The one way to limit health care costs in the long run is to set a budget and say, "This is all we can afford." Unless--and until--we do that, we'll never bring costs under control.

In "Restoring Public Trust" (Mother Jones, Nov./Dec. 1995), well-known pollster and political analyst Daniel Yankelovich wrote that, for a health plan to be successful, it must appeal above all to the public's sense of what is right and practical.

The president's announcement of the health care plan in September 1993 won acclaim across the land. The idea of providing health insurance to all Americans, including the 41 million uninsured, struck the majority of voters as morally sound, and the idea of controlling costs by cutting waste and greed appealed to them on both moral and practical grounds.

As the debate unfolded, however, the Clinton plan progressively lost credibility. The mechanisms for saving money seemed unrealistic and overly complex, and the addition of costly new entitlements and the massive effort to fix those parts of the system that, in the public mind, were not broken, failed both tests--practical and moral.

Fifteen: Women marched ahead

Modern feminism has transformed our workplaces, homes, and civic life. Susan Faludi's book Backlash (excerpted in Mother Jones, Sept./Oct. 1991) described the conservative reaction to feminism, but it is clear that most of the movement's gains are here to stay.

* Number by which men exceeded women in earning a bachelor's degree in the U.S. in 1976: 84,104

* Estimated number by which women will exceed men in 1996: 71,000

* Increase of women in the workforce since 1976: 59 percent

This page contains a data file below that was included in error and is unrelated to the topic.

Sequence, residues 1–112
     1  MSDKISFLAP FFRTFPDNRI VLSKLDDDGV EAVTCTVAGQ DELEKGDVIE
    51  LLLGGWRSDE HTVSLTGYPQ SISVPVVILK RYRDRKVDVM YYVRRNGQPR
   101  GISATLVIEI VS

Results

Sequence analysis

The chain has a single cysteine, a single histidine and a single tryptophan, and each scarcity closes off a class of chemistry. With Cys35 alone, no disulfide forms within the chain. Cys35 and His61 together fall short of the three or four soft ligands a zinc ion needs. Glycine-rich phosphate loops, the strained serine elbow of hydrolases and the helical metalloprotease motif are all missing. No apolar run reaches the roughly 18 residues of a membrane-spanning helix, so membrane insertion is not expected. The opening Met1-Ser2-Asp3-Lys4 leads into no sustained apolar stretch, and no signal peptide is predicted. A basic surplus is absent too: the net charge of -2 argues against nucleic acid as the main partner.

Betty Friedan helped inaugurate modern feminism with her 1963 classic, The Feminine Mystique.

The last 30 years have transformed the consciousness of women. The majority of women are taking a place in society and are working in every field and profession. Women have reclaimed control over their own reproduction, their own sexuality. We're not only beginning to make decisions but actually beginning to define the rules as only men had done before.

What I see next is a new vision of community that creates jobs for everyone. We need a shorter workweek and protection of benefits for contract workers, in order to provide more jobs, more time with family, and to allow older people to stay in the productive mainstream.

Patricia Ireland is president of the National Organization for Women.

Twenty years ago we were on a roll. [But] 1975 was also the beginning of the politicizing of the religious conservatives. There's great frustration now, but our work is a continuum from one generation to another. Our foremothers fought for 72 years to get the vote. We, too, need to learn vigilance and patience. We need to keep the outside-advocacy, community-group pressure campaigns on politics and have more of us on the inside. I think of my mother and my grandmother and what they had, and what I have by contrast, and I feel hope.

Deborah Tannen, author of Talking From Nine to Five.

In the last 20 years we've learned men and women can work together as equals and have different relationships on an equal basis. We have a whole new way of being in the world. Similar points could be made about ethnic and culture differences. I'm hopeful about gender, and there's reason to be hopeful about race, too. We've learned that women and men can live together and work together on a somewhat equal footing but that we aren't the same.